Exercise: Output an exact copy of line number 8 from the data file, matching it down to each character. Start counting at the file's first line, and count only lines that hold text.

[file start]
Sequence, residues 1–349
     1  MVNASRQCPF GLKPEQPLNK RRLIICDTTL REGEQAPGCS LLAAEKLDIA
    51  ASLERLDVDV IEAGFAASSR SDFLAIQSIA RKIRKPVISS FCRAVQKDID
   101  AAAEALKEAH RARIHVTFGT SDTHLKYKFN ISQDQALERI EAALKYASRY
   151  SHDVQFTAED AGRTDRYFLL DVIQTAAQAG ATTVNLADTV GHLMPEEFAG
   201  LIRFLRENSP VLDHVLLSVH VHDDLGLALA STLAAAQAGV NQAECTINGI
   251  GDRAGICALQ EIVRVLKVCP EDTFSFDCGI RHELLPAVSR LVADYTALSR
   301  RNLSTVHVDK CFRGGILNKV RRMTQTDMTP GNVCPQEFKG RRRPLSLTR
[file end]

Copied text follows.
   301  RNLSTVHVDK CFRGGILNKV RRMTQTDMTP GNVCPQEFKG RRRPLSLTR